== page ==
Though cookbooks have all the information you need, take time to pick and choose!
Last Sunday my husband volunteered to buy some fruit. I was grateful. He came back almost two hours later with a huge Midlands bag – so he's obviously gone book shopping. I ignored the bag, because I am not interested in his kind of books. After a while he came and plonked a book down beside me, with a smile that was part smug and part seeking a pat on the back. It was a cookbook, an Indian classic, first published circa 1950, with contents like “a kadahi is a shallow vessel in which to stir-fry vegetables or deep-fru pooris”, “to make chapatis knead whole wheat flour with an adequate quantity of water and press with knuckles” and “temper pulses with a spoonful of ghee and some spices”.
Where's the place
I'm touched and thanked him - after all, how thoughtful and sensitive of him to buy me a cookbook. But I have many problems with this. One, he never cooks, so he doesn't know what to look for. Two, he obviously has no idea what my capabilities are, thence the definitions of kadahis and atta. Three, our bookshelves are creaking under the weight of too many books – the children have commandeered two entire cupboards, departed, and left the shelves full of Irvine Welsh and Haruki Murakami. So where's the place? There are already piles teetering ominously on every flat surface, threatening to come crashing down. Four, and this is the most important, may I have the satisfaction of browsing through I bookshop and choosing what I like? Or must I have what he thinks I should like? There's a history.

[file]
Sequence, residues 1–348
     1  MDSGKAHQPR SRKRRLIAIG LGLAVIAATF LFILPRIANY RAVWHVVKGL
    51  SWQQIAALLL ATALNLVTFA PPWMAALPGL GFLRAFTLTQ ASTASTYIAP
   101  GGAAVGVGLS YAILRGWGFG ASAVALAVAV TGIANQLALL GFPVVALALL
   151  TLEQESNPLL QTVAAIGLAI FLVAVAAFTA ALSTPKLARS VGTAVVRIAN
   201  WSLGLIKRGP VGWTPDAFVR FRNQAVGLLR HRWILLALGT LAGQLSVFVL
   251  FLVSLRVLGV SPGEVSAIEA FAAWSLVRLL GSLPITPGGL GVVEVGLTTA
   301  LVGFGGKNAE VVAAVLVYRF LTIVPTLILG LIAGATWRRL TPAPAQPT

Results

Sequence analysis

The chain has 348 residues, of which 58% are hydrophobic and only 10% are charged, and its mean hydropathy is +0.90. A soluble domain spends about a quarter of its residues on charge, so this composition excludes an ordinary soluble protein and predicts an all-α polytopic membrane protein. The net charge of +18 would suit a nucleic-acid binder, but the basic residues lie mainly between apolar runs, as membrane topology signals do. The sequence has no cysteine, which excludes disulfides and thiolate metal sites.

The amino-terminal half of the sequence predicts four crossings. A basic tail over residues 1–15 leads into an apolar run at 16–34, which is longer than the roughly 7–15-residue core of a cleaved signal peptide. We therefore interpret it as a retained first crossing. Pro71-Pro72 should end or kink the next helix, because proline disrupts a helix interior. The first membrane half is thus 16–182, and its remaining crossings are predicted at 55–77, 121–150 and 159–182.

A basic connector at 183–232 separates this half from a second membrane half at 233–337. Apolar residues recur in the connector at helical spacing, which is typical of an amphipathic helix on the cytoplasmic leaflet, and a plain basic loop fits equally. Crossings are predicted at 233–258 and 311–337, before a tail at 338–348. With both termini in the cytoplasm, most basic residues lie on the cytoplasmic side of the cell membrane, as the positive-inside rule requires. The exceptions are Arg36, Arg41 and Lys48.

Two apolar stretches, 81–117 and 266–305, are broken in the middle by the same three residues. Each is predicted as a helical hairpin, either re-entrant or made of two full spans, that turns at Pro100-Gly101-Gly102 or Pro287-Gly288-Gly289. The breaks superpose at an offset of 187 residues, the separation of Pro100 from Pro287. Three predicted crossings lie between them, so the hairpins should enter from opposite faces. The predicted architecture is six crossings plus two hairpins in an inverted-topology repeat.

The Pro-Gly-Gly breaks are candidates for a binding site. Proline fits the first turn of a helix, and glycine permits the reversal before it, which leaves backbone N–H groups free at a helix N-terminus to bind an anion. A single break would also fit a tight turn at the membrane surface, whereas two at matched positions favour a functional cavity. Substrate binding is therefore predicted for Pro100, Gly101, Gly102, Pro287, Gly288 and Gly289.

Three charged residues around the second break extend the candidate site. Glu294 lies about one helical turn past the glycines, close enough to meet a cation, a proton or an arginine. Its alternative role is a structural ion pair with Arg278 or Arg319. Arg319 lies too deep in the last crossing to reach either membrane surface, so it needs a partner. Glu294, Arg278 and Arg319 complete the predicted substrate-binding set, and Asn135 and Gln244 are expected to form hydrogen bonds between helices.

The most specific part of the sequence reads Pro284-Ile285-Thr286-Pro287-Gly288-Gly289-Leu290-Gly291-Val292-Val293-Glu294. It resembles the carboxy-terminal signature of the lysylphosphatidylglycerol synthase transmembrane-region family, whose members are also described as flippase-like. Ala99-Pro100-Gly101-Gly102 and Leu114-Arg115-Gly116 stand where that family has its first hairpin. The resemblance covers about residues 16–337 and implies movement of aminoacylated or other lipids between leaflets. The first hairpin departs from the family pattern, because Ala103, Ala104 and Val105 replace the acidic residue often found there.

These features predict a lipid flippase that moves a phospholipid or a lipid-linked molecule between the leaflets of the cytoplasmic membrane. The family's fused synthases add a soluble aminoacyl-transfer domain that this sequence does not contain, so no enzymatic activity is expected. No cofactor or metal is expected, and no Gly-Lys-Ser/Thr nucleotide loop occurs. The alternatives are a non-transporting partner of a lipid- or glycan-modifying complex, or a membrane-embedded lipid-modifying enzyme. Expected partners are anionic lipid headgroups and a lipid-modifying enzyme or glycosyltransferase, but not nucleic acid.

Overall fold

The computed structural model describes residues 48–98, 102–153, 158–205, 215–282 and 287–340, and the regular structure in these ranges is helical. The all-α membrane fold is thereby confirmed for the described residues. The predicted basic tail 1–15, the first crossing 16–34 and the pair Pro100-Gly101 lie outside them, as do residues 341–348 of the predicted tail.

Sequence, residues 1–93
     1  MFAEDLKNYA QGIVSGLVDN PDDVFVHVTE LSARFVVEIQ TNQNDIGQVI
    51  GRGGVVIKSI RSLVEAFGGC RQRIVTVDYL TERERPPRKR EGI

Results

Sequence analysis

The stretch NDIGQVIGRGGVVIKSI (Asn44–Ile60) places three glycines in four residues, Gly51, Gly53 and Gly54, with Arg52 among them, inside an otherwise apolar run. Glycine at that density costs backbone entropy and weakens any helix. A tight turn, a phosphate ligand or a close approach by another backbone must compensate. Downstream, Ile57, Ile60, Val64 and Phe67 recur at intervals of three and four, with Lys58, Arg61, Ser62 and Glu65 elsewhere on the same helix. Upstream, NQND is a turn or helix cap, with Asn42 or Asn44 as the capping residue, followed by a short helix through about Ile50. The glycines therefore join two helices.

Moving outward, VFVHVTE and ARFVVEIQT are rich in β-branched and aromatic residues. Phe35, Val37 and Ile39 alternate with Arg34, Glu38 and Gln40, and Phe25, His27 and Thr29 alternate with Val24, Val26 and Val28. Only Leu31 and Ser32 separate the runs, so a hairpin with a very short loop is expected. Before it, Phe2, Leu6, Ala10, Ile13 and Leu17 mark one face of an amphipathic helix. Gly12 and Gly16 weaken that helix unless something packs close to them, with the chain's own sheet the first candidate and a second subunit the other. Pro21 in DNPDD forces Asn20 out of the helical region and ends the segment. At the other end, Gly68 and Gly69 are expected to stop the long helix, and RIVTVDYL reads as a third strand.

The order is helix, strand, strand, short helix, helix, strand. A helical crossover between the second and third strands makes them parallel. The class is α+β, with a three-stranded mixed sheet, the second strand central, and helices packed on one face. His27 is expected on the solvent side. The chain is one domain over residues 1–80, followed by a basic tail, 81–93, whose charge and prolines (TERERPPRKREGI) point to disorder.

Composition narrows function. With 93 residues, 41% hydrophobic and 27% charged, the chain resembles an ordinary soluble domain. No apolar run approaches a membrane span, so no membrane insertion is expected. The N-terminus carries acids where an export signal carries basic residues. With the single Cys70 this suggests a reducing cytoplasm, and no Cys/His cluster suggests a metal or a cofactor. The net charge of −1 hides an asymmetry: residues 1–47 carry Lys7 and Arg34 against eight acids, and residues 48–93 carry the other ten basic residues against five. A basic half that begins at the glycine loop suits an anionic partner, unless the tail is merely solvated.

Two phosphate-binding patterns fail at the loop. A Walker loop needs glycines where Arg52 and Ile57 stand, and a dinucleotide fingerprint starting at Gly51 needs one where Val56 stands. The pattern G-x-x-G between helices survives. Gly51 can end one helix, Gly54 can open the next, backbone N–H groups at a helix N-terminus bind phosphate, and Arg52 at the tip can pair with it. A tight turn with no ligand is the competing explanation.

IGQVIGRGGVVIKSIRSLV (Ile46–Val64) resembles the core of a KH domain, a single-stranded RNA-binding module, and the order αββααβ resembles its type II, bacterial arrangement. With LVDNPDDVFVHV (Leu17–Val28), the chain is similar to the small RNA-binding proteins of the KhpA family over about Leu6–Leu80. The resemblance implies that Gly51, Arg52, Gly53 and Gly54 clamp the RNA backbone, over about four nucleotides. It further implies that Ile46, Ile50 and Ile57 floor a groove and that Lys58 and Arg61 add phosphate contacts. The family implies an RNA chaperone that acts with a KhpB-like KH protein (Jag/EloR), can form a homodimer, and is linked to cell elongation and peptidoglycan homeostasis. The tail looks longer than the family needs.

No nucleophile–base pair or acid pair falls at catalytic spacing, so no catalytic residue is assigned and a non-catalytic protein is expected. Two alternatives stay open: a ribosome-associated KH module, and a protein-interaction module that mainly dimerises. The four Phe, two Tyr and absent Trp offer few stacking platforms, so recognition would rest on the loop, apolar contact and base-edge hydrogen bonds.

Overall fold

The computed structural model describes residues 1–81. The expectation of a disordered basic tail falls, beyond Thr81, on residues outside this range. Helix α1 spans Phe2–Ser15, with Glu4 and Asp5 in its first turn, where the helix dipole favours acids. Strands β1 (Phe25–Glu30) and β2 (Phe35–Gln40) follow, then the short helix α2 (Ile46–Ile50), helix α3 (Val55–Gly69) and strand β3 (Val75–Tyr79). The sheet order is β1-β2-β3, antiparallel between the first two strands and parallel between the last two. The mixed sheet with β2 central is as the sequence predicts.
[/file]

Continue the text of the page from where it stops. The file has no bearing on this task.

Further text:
Full report here Hindu